Leaf functional traits and functional diversity of multistoried agroforests in West Java, Indonesia

Okubo, Satoru, Tomatsu, Akari, Parikesit, Pampang, Muhamad, Dendi, Harashina, Koji and Takeuchi, Kazuhiko, (2012). Leaf functional traits and functional diversity of multistoried agroforests in West Java, Indonesia. Agriculture, Ecosystems and Environment, 149 91-99

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  • Sub-type Journal article
    Author Okubo, Satoru
    Tomatsu, Akari
    Parikesit, Pampang
    Muhamad, Dendi
    Harashina, Koji
    Takeuchi, Kazuhiko
    Title Leaf functional traits and functional diversity of multistoried agroforests in West Java, Indonesia
    Appearing in Agriculture, Ecosystems and Environment
    Volume 149
    Publication Date 2012
    Place of Publication N/A
    Publisher N/A
    Start page 91
    End page 99
    Abstract We examined leaf trait variations among mixed-planting woody perennial crops in traditional but partially commercialized agroforest in West Java, Indonesia. We hypothesized that the structure of multistoried agroforests consisting of many species was sustained by differential use of the light resource by species with different leaf traits, and that functional diversity would decline as species diversity decreased due to commercialization of traditional agroforests. We focused on morphological and chemical traits of the fully exposed sun leaves and basal-interior leaves of 22 common perennial crops. The species varied as widely in their sun leaf traits as in previous studies of tropical lowland rain forests and in worldwide datasets. From one-third to half of the species exhibited significant differences in specific leaf area and in the nitrogen concentration per unit leaf mass between sun leaves and basal-interior leaves, likely in response to differences in irradiance and leaf age. Species within a product-type group (e.g., timber bamboos) generally had similar leaf traits. The diversity of functional leaf traits was significantly positively linearly correlated with species diversity, with no asymptote for functional diversity even at high levels of species diversity; thus, species diversity in the agroforests appears to maintain high ecosystem functioning through differential use of the available light resource. This also means that changing from the traditional multipurpose production system based on perennial crops into a specialized single-purpose system may damage ecosystem functions such as carbon sequestration. Understanding the leaf trait spectrum provides insights into other cash crops or cultivars that can fill gaps within the trait space in the plant assemblage, thereby improving profits from the agroforest while maintaining ecosystem functioning.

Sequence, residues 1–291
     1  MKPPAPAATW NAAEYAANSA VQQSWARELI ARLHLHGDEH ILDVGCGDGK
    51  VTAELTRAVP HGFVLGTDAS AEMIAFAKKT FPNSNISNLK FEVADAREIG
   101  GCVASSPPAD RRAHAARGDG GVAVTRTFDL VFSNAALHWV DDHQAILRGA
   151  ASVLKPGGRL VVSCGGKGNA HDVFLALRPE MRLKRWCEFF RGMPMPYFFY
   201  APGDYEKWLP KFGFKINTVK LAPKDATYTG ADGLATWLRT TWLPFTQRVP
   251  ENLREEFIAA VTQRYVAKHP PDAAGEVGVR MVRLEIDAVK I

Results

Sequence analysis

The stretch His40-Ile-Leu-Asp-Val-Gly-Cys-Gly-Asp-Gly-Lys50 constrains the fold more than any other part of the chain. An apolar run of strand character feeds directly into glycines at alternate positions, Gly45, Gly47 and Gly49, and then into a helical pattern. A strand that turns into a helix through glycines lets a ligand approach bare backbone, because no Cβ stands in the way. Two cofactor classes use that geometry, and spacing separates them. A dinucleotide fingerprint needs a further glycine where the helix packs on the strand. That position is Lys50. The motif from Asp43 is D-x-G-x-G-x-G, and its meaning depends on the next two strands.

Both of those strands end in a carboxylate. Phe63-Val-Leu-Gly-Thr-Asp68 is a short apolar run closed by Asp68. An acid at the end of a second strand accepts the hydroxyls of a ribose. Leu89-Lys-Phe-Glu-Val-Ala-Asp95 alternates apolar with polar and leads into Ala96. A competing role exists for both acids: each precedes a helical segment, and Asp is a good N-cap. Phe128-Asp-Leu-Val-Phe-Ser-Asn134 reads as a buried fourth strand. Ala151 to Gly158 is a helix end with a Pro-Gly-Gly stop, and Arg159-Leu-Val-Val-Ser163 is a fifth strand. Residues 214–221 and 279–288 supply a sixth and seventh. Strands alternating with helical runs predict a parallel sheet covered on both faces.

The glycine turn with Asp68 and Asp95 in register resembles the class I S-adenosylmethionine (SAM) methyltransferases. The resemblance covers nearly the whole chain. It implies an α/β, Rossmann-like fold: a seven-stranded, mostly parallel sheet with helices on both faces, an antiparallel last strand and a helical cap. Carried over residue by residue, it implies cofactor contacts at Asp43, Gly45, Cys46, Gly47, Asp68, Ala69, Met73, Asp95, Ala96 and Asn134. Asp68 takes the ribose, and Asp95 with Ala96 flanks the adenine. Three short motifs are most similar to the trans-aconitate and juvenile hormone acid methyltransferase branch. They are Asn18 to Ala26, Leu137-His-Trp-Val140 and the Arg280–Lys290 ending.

Copyright Holder Elsevier B.V.
    Copyright Year 2012
    Copyright type All rights reserved
    DOI 10.1016/j.agee.2011.12.017
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    Created: Mon, 14 Apr 2014, 17:13:57 JST